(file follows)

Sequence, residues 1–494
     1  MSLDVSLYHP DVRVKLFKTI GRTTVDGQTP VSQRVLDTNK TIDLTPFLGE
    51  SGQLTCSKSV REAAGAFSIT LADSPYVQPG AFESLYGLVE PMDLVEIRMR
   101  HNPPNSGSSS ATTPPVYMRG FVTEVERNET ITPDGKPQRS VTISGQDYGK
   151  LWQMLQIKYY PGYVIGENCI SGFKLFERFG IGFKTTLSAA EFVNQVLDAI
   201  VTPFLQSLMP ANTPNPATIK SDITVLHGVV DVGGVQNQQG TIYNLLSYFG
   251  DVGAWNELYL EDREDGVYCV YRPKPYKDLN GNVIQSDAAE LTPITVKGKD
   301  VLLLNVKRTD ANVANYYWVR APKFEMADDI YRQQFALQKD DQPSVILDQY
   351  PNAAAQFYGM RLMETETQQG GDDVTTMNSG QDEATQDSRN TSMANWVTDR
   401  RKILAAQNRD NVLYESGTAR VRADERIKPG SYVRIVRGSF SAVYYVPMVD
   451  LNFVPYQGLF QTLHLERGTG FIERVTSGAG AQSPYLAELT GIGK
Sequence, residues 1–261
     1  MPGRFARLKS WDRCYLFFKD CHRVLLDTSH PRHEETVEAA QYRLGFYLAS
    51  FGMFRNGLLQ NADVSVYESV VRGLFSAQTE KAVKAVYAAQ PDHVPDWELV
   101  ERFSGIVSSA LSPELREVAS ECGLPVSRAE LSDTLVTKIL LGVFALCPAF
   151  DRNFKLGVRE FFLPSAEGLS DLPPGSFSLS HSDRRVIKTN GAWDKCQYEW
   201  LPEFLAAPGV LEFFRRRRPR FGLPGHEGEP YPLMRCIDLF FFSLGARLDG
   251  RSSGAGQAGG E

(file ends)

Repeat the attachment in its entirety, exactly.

Sequence, residues 1–494
     1  MSLDVSLYHP DVRVKLFKTI GRTTVDGQTP VSQRVLDTNK TIDLTPFLGE
    51  SGQLTCSKSV REAAGAFSIT LADSPYVQPG AFESLYGLVE PMDLVEIRMR
   101  HNPPNSGSSS ATTPPVYMRG FVTEVERNET ITPDGKPQRS VTISGQDYGK
   151  LWQMLQIKYY PGYVIGENCI SGFKLFERFG IGFKTTLSAA EFVNQVLDAI
   201  VTPFLQSLMP ANTPNPATIK SDITVLHGVV DVGGVQNQQG TIYNLLSYFG
   251  DVGAWNELYL EDREDGVYCV YRPKPYKDLN GNVIQSDAAE LTPITVKGKD
   301  VLLLNVKRTD ANVANYYWVR APKFEMADDI YRQQFALQKD DQPSVILDQY
   351  PNAAAQFYGM RLMETETQQG GDDVTTMNSG QDEATQDSRN TSMANWVTDR
   401  RKILAAQNRD NVLYESGTAR VRADERIKPG SYVRIVRGSF SAVYYVPMVD
   451  LNFVPYQGLF QTLHLERGTG FIERVTSGAG AQSPYLAELT GIGK
Sequence, residues 1–261
     1  MPGRFARLKS WDRCYLFFKD CHRVLLDTSH PRHEETVEAA QYRLGFYLAS
    51  FGMFRNGLLQ NADVSVYESV VRGLFSAQTE KAVKAVYAAQ PDHVPDWELV
   101  ERFSGIVSSA LSPELREVAS ECGLPVSRAE LSDTLVTKIL LGVFALCPAF
   151  DRNFKLGVRE FFLPSAEGLS DLPPGSFSLS HSDRRVIKTN GAWDKCQYEW
   201  LPEFLAAPGV LEFFRRRRPR FGLPGHEGEP YPLMRCIDLF FFSLGARLDG
   251  RSSGAGQAGG E